Years in real estate: 12 (I stopped selling in 2014)
Job title: Creator and founder, Caffeinator Media: Agent Caffeine and BreveTV
Location: Marin County, California
Hours per week spent on social media: 8-12
Target demographic: Men and women ages 25 to 55
Average number of posts per day: 5 to 7 per account, depending on the channel
Which social channels do you work the most?
Twitter, Google Plus, Instagram, Facebook and LinkedIn, in that order.
How many friends, likes and followers do you have?
My personal account on Twitter is close to 70,000 followers. I have 3,800-plus Facebook friends — but what’s in a number? It’s the connections you make that truly matter, the people you help, the aha moments you provide. That’s where the magic is.
Does that number matter to you?
The numbers that do matter to me are my audience viewership and listenership. Agent Caffeine gets over 50,000 downloads a month.
Do you ever give it a break?
I dial it down on holidays, for travel and on special occasions. Also, if I’m not feeling it, I won’t post. For the most part, this is an integral part of my business. So giving it a break is like stopping sales.
Does social help your business, and how?
Absolutely. I built a strong following through my podcast even living on an island in the middle of nowhere. Some of my most important friends and contacts I met through social media. My podcasting (which is entering its fourth year with more than 350 shows to date) would’ve never gotten off the ground had it not been for social media. It helps me connect with the people who are innovating and making things happen. It’s also expanded my horizons, given new depth to my business and helped me make the relocation smooth. To relocate and have an established based of contacts, friends and show guests is brilliant, and I couldn’t have done that without social.
What’s your goal for your favorite social channel?
With Google Plus and YouTube, it’s to continually make the show better. To be able to reach more people with messages that encourage change, help save time and make money. That’s what makes me tick. Agent Caffeine is running on a new format, new day and time (Mondays at 3 p.m. PT), and we’ll launch a new channel, “Caffeinator Media,” in 2015. We are going to blow it up! My love of wine, women and entrepreneurs shines on BreveTV Uncorked! Being located in wine country now makes that a truly exciting adventure with co-host Debra Trappen. Our hashtag is #womenonwine.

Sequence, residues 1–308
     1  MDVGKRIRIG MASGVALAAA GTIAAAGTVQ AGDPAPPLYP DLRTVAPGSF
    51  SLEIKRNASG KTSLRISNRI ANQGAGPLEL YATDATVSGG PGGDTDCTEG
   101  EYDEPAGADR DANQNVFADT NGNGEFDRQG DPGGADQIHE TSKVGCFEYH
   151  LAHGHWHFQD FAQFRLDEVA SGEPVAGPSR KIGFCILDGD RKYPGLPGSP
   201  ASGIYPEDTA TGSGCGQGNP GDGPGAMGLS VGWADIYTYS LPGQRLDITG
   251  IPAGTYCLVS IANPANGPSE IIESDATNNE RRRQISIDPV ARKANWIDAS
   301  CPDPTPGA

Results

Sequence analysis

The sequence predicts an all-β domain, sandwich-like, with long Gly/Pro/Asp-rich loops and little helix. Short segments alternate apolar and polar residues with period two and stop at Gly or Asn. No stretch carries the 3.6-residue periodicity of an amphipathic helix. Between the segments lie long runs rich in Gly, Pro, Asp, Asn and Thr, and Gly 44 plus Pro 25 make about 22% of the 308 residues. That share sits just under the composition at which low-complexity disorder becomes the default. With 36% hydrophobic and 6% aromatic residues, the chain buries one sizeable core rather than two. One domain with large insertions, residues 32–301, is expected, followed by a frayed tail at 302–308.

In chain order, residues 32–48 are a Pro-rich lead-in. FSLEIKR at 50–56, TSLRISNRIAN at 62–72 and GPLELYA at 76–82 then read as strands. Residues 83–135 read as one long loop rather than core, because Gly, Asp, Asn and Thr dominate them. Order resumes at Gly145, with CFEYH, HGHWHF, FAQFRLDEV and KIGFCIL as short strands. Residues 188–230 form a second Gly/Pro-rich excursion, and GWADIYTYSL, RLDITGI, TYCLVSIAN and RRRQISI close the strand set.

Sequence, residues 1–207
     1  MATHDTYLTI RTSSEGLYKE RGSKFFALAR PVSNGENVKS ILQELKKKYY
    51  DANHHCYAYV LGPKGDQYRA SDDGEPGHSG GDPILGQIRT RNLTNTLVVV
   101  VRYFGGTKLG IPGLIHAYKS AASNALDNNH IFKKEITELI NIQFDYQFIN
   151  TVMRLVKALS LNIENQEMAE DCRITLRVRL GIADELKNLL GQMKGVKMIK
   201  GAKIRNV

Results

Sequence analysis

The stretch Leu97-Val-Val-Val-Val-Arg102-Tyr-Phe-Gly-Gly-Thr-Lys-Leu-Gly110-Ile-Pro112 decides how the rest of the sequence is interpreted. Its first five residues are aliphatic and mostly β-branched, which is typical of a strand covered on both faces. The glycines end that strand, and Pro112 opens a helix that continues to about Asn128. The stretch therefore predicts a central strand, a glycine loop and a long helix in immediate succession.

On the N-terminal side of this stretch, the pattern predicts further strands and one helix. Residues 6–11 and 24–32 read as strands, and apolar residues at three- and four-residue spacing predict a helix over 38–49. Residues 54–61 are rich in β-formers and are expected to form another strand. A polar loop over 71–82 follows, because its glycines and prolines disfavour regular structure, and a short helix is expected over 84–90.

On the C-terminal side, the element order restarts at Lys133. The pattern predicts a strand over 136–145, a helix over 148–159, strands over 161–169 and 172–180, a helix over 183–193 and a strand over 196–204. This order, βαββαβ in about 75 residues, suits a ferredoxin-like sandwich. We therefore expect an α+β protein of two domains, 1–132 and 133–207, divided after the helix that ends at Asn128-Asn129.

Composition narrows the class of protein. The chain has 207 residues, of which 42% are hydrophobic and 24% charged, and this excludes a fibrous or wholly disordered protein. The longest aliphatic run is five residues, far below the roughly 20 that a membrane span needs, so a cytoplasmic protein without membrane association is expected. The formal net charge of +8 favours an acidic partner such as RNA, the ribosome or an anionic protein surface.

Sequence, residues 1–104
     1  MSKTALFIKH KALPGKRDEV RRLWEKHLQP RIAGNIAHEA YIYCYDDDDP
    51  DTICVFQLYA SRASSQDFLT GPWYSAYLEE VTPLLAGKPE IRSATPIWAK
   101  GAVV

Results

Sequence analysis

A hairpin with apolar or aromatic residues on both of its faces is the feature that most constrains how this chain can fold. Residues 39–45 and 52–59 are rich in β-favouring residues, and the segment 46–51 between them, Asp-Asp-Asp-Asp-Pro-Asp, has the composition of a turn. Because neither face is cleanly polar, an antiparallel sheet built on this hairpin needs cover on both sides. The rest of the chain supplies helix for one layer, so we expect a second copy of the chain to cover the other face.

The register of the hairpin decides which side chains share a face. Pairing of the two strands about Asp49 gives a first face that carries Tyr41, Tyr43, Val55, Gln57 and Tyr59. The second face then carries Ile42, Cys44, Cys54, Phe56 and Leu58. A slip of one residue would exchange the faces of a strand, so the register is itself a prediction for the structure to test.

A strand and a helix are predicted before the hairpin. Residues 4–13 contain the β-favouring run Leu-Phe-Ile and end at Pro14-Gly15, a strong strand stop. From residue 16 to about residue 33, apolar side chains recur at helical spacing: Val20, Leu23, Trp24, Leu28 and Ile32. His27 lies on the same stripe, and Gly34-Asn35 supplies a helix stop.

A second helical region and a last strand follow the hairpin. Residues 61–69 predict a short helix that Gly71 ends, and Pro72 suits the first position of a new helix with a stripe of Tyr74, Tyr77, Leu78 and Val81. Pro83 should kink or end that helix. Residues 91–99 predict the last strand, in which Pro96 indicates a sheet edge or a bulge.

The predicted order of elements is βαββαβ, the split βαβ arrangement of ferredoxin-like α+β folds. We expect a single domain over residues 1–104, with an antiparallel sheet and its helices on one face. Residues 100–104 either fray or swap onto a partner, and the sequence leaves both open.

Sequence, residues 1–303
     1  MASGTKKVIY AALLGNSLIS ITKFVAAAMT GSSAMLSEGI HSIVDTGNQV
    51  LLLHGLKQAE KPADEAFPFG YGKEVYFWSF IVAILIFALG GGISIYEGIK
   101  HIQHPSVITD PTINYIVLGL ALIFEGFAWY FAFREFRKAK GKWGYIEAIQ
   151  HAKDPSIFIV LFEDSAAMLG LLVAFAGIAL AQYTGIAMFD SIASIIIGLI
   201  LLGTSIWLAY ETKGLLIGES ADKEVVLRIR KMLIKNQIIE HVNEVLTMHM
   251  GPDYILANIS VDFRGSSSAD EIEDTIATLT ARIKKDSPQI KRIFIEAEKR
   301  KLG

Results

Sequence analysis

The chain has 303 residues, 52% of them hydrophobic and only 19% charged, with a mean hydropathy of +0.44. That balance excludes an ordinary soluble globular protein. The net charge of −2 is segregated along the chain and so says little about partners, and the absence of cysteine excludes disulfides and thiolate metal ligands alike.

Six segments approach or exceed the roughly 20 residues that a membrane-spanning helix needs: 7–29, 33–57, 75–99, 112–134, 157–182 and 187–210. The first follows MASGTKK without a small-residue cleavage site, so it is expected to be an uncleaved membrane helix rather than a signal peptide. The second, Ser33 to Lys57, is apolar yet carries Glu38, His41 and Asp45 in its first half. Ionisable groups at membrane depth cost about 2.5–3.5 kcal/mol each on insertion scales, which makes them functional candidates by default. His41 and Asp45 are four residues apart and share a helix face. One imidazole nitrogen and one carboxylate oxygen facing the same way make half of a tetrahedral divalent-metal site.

What’s your strategy to achieve it?
Many of the changes in 2015 for Agent Caffeine were made because the audience asked for it. The audience asked for the day and time move. We’re also bringing back our tweet chat all because of our “Caffeinators.” They ask, we implement.
Having a physical presence is huge. It will enable me to create stronger relationships and expand my base now that I have returned to the mainland after 36 years in the islands. That is thrilling to me. I’m now training real estate agents in podcasting. I saw a huge void in the voice for community when I relocated. I want to help local agents quickly and intelligently take advantage of this void. So I will be working with groups two to three times a year to do so.
And I always focus on why I got into this in the first place and never lose sight of what got me to where I am today … I’ve had the awards, the horrors, the trials and tribulations of an agent. I’m not a hobbyist. My entrepreneurial career spans four industries and 30 years. I come from a place of hands-on experience, in real estate and in technology. No “BS,” and no telling people what I haven’t experienced myself.
Is it worth it, and why?
I have been so frustrated in business. Traversing four different industries is difficult enough, but when people slow you down intentionally to elevate themselves, well, that had to stop. I started in the real estate industry with my efforts but am expanding to women entrepreneurs as well. We all need a leg up. It’s time to stop hiding how you became successful and share the formula with others so they can win, so they don’t have to struggle as much as you did, so the industry and the environment becomes a better place for all.
I also have a stake in changing how many women are in leadership roles, getting speaking gigs, reaching a level of success and visibility they deserve based on their qualifications. Not their sex. The numbers don’t represent the truth today, and that’s got to change.
What’s your craziest social media-related story?
I put on a networking event for Cary Tagawa in Honolulu completely by using social media. That event enabled me to bring him into my Hawaii acting class, and he gave an “actor’s workshop” type of interview, much like James Lipton’s, in person.
What actions do you take that have gotten the most results?